The output of operational amplifier U2 (pin 7) is also coupled to the non-inverting input of operational amplifier U3 which is part of the peak hold circuit 66 which will be described in greater detail.

As previously described, the non-inverting input of operational amplifier U2 is coupled to the wiper of R40 through a resistor R28. Potentiometer R40 is part of a temperature offset compensation circuit in a bridge configuration. Due to the small signal operation of the current sensing diodes CR2 and CR3, the output of these diodes may change significantly with temperature variations. The temperature compensating circuit corrects for offset produced by ambient temperature changes. The temperature compensation circuit includes a pair of thermistors TH2 and TH3 connected in a bridge configuration with bridge resistors R29, R31. The junction between the thermistor TH2 and resistor R29 and thermistor TH3 and resistor R31 are respectively coupled to the legs of potiometer R22 whose wiper is connected to ground. Also connected to the junction between thermistor TH2 and resistor R29 is a positive voltage from switch S2 (terminal 1) through a limiting resistor R30. The junction between thermistor TH3 and resistor R31 is coupled through a limiting resistor R27 to a negative output of a voltage regulator U5. The junction between thermistor TH2 and resistor R31 and thermistor TH3 and resistor R29 are respectively connected to the opposite legs of potentiometer R40, whose wiper is coupled to the non-inverting input of amplifier U2. Potentiometer R22 is adjusted at ambient temperature for zero voltage offset and potentiometer R40 is adjusted for zero offset at elevated temperatures. Once adjusted, the thermistors TH2, TH3 in the bridge configuration maintain the balanced temperature compensation. The temperature compensation circuit also includes a third thermistor TH1 connected across inner bridge potentiometer R40. Thermistor TH1 helps to balance and compensate for colder temperatures. Due to the diode characteristics of diode CR1 and diode CR2 or CR3, as temperature decreases, a greater offset is incurred and this offset is compensated for by thermistor TH1. The thermistor bridge circuit is described in U.S. Pat. No. 4,605,905, entitled, "Amplifier Input Circuitry with Compensation for Pyroelectric Effects" which issued on Aug. 12, 1986, the disclosure of which is incorporated herein by reference.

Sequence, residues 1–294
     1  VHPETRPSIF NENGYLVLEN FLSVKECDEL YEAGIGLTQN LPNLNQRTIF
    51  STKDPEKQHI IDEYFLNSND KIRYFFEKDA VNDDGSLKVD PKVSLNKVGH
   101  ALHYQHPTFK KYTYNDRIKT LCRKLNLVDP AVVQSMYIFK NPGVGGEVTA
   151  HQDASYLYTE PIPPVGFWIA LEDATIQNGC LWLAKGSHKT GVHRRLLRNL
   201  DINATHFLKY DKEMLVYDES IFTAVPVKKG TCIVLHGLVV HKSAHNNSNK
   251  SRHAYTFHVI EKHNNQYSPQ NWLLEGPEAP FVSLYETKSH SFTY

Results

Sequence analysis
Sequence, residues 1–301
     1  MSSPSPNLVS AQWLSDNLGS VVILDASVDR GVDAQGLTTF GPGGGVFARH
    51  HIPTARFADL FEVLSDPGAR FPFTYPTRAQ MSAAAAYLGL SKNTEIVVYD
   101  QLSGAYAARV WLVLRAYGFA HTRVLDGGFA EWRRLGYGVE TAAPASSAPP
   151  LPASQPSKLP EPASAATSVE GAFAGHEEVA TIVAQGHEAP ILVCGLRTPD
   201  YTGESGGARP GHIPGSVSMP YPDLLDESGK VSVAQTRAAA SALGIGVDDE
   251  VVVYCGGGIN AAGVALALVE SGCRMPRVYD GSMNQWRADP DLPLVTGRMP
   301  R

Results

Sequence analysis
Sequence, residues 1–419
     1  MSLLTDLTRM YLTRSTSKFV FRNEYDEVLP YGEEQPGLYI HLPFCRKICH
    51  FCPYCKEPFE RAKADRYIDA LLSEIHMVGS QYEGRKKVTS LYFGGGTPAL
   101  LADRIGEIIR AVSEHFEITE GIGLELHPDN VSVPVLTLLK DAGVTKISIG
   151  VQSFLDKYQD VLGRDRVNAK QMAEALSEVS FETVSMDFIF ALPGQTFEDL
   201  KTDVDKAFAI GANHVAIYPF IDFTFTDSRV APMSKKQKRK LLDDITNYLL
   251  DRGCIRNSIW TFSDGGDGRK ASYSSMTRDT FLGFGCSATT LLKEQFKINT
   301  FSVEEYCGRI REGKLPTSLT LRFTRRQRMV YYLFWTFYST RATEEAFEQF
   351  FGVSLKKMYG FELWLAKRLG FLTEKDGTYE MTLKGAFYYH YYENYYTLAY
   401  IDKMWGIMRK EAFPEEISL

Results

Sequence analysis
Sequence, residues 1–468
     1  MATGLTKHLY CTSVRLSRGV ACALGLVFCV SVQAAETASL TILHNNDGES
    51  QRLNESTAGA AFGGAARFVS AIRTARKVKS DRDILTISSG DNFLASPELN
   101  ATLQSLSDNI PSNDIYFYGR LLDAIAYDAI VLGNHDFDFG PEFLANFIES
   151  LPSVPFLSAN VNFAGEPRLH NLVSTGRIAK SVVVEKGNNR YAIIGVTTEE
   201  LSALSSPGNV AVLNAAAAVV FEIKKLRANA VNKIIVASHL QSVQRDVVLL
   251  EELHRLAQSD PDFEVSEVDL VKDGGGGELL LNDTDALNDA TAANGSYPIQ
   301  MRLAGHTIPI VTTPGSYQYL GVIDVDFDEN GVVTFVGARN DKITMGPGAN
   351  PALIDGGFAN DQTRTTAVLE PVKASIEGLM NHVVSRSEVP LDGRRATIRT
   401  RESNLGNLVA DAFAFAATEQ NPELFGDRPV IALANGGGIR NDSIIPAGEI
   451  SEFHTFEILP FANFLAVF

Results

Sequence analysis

Following temperature compensation and after passing through the square root circuitry of operational amplifier U2 and diode CR1, the output signal is input into the non-inverting input of operational amplifier U3 at pin 12 (FIG. 7B). Operational amplifiers U3 and U4, diode CR5, charging capacitor C20 and several other resistors and capacitors make up the network previously mentioned as the peak hold circuit 66. However, diode CR5 is normally shorted by a normally closed contact on the push-button switch 32, thereby not permitting charging capacitor C20 to store a charge and allowing normal metering to take place when the range select switch 18 is in the 20 mA, 200 mA and percent of standard modes. The circuit operates as a peak hold circuit in the 1000 mA mode only. When the push-button switch of the contact gun assembly is pressed, thereby opening the short across the diode CR5, a charge is permitted to be stored on the charging capacitor C20.

The output of operational amplifier U3 (pin 14) is connected to the anode of the diode CR5, the cathode of diode CR5 being connected to the non-inverting input of operational amplifier U4 (pin 3). Diode CR5 is normally shorted by leads connected to terminals E11 and E12 of the shielded circuit which are connected to the normally closed contact terminals 2, 4 of the push-button switch 32. Two reference voltages, a negative voltage and a positive voltage, are applied to operational amplifier U4 at pins 4 and 7, respectively.

The output of operational amplifier U4 is connected to a resistor R36 and fed back into the inverting input of operational amplifier U1 (pin 13). The inverting input of operational amplifier U1 is also connected to a resistor R37 whose other leg is connected to ground. Therefore, the gain of operational amplifier U3 is equal to the resistance of R36 plus the resistance of R37 divided by the resistance, of R37. The values of the resistors have been chosen to provide operational amplifier U3 with a gain of approximately 10. Since the peak hold circuit provides an increase in gain, it also includes two capacitors C21 and C10 to prevent oscillations of the signal. Capacitor C21 is connected in parallel to resistor R36 and capacitor C10 is coupled at one end to the output of operational amplifier U3 and at the other end to one leg of resistor R37 whose other leg is connected to ground.

The resultant output signal from operational amplifier U4 (pin 6) is connected to the input of the meter, M1 at terminal 7 of the meter. The meter M1 then displays the resultant current based upon the range selected. The output is also fed back into the inverting input at pin 2 of amplifier U4. Operational amplifier U4 operates as a high impedance buffer amplifier having unity gain.